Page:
Part I: GETTING ACQUAINTED WITH ECONOMICS. 1 What Is Economics? 2 The Economy: Myth and Reality. 3 The Fundamental Economic Problem: Scarcity and Choice. 4 Supply and Demand: An Initial Look. Part II THE BUILDING BLOCKS OF DEMAND AND SUPPLY. 5 Consumer Choice: Individual and Market Demand. 6 Demand and Elasticity. 7 Production, Inputs, and Cost: Building Blocks for Supply Analysis. 8 Output, Price, and Profit: The Importance of Marginal Analysis. 9 Securities: Business Finance and the Economy: The Tail that Wags the Dog? Part III MARKETS AND THE PRICE SYSTEM. 10 The Firm and the Industry under Perfect Competition. 11 Monopoly. 12 Between Competition and Monopoly. 13 Limiting Market Power: Regulation and Antitrust. Part IV THE VIRTUES AND LIMITATIONS OF MARKETS. 14 The Case for Free Markets: The Price System. 15 The Shortcomings of Free Markets. 16 The Market's Prime Achievement: Innovation and Growth. 17 Externalities, the Environment, and Natural Resources. 18 Taxation and Resource Allocation. Part V THE DISTRIBUTION OF INCOME. 19 Pricing the Factors of Production. 20 Labor and Entrepreneurship: The Human Inputs. 21 Poverty, Inequality, and Discrimination. Part VI THE MACROECONOMY: AGGREGATE SUPPLY AND DEMAND. 22 An Introduction to Macroeconomics. 23 The Goals of Macroeconomic Policy. 24 Economic Growth: Theory and Policy. 25 Aggregate Demand and the Powerful Consumer. 26 Demand-Side Equilibrium: Unemployment or Inflation? 27 Bringing in the Supply Side: Unemployment and Inflation? Part VII FISCAL AND MONETARY POLICY. 28 Managing Aggregate Demand: Fiscal Policy. 29 Money and the Banking System. 30 Monetary Policy: Conventional and Unconventional. 31 The Financial Crisis and the Great Recession 32 The Debate over Monetary and Fiscal Policy. 33 Budget Deficits in the Short and Long Run. 34 The Trade-Off between Inflation and Unemployment. Part VIII THE UNITED STATES IN THE WORLD ECONOMY. 35 International Trade and Comparative Advantage. 36 The International Monetary System: Order or Disorder? 37 Exchange Rates and the Macroeconomy.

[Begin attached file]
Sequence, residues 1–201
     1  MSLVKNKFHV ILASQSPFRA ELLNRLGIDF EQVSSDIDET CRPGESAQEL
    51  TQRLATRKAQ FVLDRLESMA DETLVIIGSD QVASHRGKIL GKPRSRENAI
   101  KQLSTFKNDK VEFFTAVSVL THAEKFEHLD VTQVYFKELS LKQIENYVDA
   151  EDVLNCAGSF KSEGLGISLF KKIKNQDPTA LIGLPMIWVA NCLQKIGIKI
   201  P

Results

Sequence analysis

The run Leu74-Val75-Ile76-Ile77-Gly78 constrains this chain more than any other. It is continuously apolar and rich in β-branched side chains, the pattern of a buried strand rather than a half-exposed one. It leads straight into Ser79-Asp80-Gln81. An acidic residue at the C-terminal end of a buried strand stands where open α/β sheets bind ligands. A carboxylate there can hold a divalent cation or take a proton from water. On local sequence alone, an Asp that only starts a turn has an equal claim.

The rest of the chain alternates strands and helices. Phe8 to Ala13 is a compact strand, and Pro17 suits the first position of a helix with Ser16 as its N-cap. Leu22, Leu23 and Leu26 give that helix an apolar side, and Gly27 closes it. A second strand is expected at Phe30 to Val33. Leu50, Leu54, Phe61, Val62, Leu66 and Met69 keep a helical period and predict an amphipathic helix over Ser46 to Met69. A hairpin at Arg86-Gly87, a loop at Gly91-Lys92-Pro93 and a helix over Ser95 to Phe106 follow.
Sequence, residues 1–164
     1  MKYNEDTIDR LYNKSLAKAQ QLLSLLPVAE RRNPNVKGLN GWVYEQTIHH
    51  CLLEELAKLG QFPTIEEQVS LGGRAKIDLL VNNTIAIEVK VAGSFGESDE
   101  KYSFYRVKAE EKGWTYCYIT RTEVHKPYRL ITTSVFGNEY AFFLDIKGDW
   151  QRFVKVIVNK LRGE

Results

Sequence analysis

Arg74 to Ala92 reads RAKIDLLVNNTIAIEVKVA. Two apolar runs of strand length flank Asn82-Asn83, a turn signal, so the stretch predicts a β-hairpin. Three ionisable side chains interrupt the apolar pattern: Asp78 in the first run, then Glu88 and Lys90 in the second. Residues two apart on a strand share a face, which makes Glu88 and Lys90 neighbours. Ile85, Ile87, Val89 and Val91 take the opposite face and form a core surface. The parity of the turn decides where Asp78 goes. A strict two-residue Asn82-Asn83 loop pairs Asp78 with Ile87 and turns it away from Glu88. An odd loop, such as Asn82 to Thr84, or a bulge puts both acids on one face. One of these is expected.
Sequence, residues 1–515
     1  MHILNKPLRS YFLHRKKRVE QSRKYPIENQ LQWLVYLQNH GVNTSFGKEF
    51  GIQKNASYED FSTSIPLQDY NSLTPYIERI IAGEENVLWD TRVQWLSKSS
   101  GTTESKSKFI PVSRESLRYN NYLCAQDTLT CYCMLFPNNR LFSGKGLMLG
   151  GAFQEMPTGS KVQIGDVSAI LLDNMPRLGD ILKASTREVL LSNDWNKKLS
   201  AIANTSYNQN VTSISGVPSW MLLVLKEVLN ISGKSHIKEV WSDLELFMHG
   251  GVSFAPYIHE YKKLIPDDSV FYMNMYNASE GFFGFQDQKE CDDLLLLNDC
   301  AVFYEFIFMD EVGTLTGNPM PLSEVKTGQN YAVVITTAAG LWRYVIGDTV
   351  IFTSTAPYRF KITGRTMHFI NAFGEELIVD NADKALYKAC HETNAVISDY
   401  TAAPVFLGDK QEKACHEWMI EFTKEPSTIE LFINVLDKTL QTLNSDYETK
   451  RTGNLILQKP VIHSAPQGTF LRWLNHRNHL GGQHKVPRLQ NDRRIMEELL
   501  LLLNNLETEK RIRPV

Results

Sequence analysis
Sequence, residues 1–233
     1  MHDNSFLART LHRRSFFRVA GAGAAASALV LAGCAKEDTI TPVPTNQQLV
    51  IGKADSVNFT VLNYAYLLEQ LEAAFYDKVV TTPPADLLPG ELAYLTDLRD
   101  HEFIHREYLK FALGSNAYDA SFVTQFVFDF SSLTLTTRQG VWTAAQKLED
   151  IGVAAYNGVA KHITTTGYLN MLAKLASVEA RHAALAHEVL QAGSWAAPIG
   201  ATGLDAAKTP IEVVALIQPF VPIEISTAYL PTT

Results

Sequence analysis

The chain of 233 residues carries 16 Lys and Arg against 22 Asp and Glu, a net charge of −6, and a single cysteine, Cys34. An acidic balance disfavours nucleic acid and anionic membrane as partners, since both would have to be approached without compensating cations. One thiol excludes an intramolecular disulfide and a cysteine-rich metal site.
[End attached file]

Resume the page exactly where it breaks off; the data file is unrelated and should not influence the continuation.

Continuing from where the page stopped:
William J. Baumol received his B.S.S. at the College of the City of New York and his Ph.D. at the University of London. He was professor of economics at New York University and senior research economist and professor emeritus at Princeton University. He was a frequent management consultant to major firms in a wide variety of industries in the United States and other countries as well as to a number of governmental agencies. He was former president of the American Economic Association and three other professional societies. Dr. Baumol served as an elected member of the National Academy of Sciences, created by the U.S. Congress, as well as a member of the American Philosophical Society, founded by Benjamin Franklin. Dr. Baumol authored more than 35 books as well as hundreds of journal and newspaper articles that have been translated into more than a dozen languages. Alan S. Blinder earned his B.A. at Princeton University, his M.A. at the London School of Economics and his Ph.D. at MIT. He teaches at Princeton University and most recently authored ADVICE AND DISSENT (Basic Books, 2018), which is about the very different worldviews of economists and politicians-and the consequences of that clash. Dr. Blinder served on President Clinton's first Council of Economic Advisers and then as vice chairman of the Federal Reserve Board, thereby playing a role in formulating both the fiscal and monetary policies of the 1990s. Dr. Blinder, now a regular columnist for The Wall Street Journal, has written newspaper and magazine columns on economic policy for more than thirty years. He is a past vice president and a Distinguished Fellow of the American Economic Association.
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